As good as hop technology has gotten, as much as hop extracts have become an accepted tool of the craft brewing trade today, the demand for sour IPAs simply isn’t there. People want what they want, and they want hazy IPAs. It’s hard to beat a style that appears on tap lists at damn near every brewery in the U.S.
Josh Pfriem, the brewmaster and co-founder of pFriem Family Brewers in Hood River, OR, says there was a time when the brewery produced a sour IPA, “[but] the style quickly went from exciting to fizzling out pretty quickly.” pFriem hasn’t brewed a sour IPA in roughly the last five years.
Granted in the years since, Jason Synan, co-founder of Hudson Valley, and Kyle Carbaugh, head brewer of Wiley Roots Brewing Company in Greeley, CO, have both put in work developing the sub-style. If sour IPA is yet to have its moment in the sun, then when it does have that moment, it’ll likely be because of their efforts.
Should You Try a Sour IPA?
Sour IPA might only be a niche brew. And it might not be the next big thing in craft beer. But, if you enjoy drinking craft beer there’s no reason why you shouldn’t seek out new, experimental styles. If only to understand the experience of putting together sour and bitter flavors.
Here Are a Few Sour IPAs Hop Culture Recommends Trying…At Least Once!
Hudson Valley Brewery
Bloom or Star Chamber – Founded in early 2017 by Jason Synan, Mike Renganeschi, and John-Anthony Gargiulo, Hudson Valley Brewery makes beer like you’ve never tasted before. And guess what? Pre-pandemic it had people lining up down the length of the brewery’s parking lot to grab the exclusive can release and bottles. Sour IPA with a twist is what these folks brew best. And they are absolute pros at it. Such as a sour DIPA with raw wheat, flaked and malted oak, milk sugar, cherries, dark chocolate, and chamomile, hopped with Citra (Bloom). Or a sour IPA with raw wheat, malted oat, milk sugar, green tea, papaya, and coconut, hopped with Citra and Azacca (Star Chamber). We’ve been so blown away by Hudson Valley Brewery that we named them our favorite brewery of 2017. If you’re looking for a crazy introduction to this style you can’t go wrong with anything coming off the line here.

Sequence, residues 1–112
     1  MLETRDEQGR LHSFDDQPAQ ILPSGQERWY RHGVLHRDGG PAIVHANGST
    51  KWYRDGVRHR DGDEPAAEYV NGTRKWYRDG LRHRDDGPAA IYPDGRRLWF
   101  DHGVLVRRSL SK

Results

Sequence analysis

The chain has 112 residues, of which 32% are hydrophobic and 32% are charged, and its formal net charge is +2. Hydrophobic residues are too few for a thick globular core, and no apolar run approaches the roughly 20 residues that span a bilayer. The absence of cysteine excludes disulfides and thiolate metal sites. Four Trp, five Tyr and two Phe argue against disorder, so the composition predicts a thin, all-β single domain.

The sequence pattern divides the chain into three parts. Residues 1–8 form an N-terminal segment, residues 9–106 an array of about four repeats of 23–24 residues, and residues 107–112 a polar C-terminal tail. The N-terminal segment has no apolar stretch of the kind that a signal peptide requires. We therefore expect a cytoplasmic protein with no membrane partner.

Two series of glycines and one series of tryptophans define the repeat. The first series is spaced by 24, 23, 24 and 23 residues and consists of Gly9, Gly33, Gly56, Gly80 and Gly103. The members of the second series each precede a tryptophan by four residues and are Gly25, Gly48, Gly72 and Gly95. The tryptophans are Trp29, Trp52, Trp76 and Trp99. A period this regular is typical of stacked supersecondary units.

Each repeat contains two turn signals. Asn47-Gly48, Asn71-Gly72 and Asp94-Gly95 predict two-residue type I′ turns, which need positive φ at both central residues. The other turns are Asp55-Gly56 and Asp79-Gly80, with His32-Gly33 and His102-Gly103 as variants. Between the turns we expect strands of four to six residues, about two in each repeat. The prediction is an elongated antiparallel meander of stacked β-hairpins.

Wiley Roots Brewery
Key Lime County Fair Cobbler – A milkshake sour IPA with Key Lime puree, graham cracker, cinnamon, vanilla, and milk sugary, dry hopped with Mandarina Bavaria and Lemon Drop hops, this Sour IPA is just stellar. Pouring as a thick, luscious golden liquid, Key Lime County Fair Cobbler is exactly like it’s name: Fresh, crisp, sweet, and gently acidic.
New Belgium Brewing
Fort Collins, CO
Sour IPA – New Belgium calls this beer the best of both worlds. Part hazy IPA and part sour, New Belgium’s Sour IPA is an iconic example of the style. With our a decade of experience dry-hopping sours, New Belgium combines fresh acidity from its Wood Cellar sour with their hazy IPA for a “beer that truly takes flight”. Plus, did we mention it won a bronze medal at GABF. If you’re looking for an expertly made version of a sour IPA nothing beats this award winning one!